The two-day Asia-Pacific Economic Co-operation (APEC) event at a five-star resort on the tropical island of Bali is aimed at breaking down trade barriers among all 21 member economies, but rival agendas by the world powers have overshadowed the talks.
Filling in for US President Barack Obama, Secretary of State John Kerry has lobbied for the quick signing of a mega free trade pact grouping 12 APEC nations but not China and summit host Indonesia.
“We need modern rules for a changing road, rules that keep pace with the speed of today’s markets,” Kerry said in a speech on the sidelines of the summit on Monday that was in large part a hard-sell for the planned Trans-Pacific Partnership.
Kerry was set to meet the leaders of the 11 other nations involved in the TPP on Tuesday afternoon in a bid to hit an against-the-odds deadline set by Obama for a deal by the end of this year.
The United States has championed the TPP as setting “gold standards” to deal with complex changes to the 21st-century economy, such as how to police cloud computing and patents.
But China and even some developing nations included in the TPP have expressed concern that it will set down trade rules primarily benefiting the richest countries and most powerful firms.
“China will commit itself to building a trans-Pacific regional cooperation framework that benefits all parties,” Chinese President Xi Jinping said in a speech following Kerry at the APEC business forum.
“We should enhance coordination… deepen regional integration and avoid the spaghetti bowl effect so as to build closer partnerships across the Pacific.”
Xi’s comments were interpreted in China’s state-run media on Tuesday as direct criticism of the TPP.
“The Trans-Pacific Partnership, featuring confidential talks and the highest free trade standard beyond mere lower tariffs, is widely considered a new step for the US to dominate the economy in the Asia-Pacific region,” the China Daily newspaper said in a front-page report on Xi’s speech.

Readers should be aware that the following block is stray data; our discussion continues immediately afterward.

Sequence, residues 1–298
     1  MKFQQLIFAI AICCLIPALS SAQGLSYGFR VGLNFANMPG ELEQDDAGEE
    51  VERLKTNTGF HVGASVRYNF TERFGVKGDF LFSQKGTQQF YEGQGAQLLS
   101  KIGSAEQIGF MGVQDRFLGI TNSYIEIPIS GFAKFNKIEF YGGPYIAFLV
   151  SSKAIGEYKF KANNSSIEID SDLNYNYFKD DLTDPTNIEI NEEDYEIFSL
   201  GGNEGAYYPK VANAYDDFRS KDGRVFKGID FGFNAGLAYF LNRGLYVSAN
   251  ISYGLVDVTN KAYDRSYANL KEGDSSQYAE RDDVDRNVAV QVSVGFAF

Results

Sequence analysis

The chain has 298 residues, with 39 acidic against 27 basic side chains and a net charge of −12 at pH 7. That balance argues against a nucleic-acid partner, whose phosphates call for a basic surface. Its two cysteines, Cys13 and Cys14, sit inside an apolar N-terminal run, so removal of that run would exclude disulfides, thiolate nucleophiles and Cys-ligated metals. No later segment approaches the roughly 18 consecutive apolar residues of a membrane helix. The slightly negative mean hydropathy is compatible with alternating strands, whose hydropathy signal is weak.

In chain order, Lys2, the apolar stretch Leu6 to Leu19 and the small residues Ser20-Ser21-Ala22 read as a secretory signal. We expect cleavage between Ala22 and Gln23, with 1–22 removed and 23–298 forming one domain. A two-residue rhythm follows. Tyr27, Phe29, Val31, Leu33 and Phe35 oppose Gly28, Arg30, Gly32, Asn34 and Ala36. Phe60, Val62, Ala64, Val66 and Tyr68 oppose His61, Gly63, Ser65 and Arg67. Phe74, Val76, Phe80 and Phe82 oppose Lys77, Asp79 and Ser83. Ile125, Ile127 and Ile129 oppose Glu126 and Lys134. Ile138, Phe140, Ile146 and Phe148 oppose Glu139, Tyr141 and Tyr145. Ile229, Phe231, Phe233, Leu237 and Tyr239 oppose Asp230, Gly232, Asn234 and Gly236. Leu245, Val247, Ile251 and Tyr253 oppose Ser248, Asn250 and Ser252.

Indonesia also signalled its irritation at the huge focus on TPP at the APEC summit, shunting the planned meeting on Tuesday afternoon of the 12 nations involved to a hotel outside the official venue.
“We mind actually, and one of the reasons, at the very least, is we don’t want any coverage that will overshadow APEC,” an Indonesian government official told AFP, when asked about why the TPP countries had been told to meet outside.
Meanwhile, China and Indonesia are involved in plans for a rival free trade pact involving 16 countries around the region and being spearheaded by the Association of Southeast Asian Nations.
Negotiations for that pact are expected to be discussed at an East Asia Summit in Brunei this week.
One of the biggest issues at APEC has been the absence of Obama, who had to cancel an Asian tour that would have also taken him to Brunei, Malaysia and the Philippines because of the week-long US government shutdown.
Obama and the Democrats are engaged in a potentially catastrophic battle of nerves with the Republicans over the president’s health care law, which could lead to an unprecedented US default.
Obama’s decision not to come to Asia has reinforced sentiments that his high-profile diplomatic, economic and military focus on the region, known as the “pivot”, is in tatters.
Kerry has been forced at APEC to repeatedly insist that the Asia-Pacific remains a top priority.
“I want to emphasise that there is nothing that will shake the commitment of the rebalance to Asia that President Obama is leading,” Kerry told the business forum on Monday.
Meanwhile, Xi filled the Obama vacuum with high-profile state visits to Jakarta and Kuala Lumpur ahead of APEC.
He then used the APEC business event to outline a Chinese vision for the region of a “united and prosperous” family.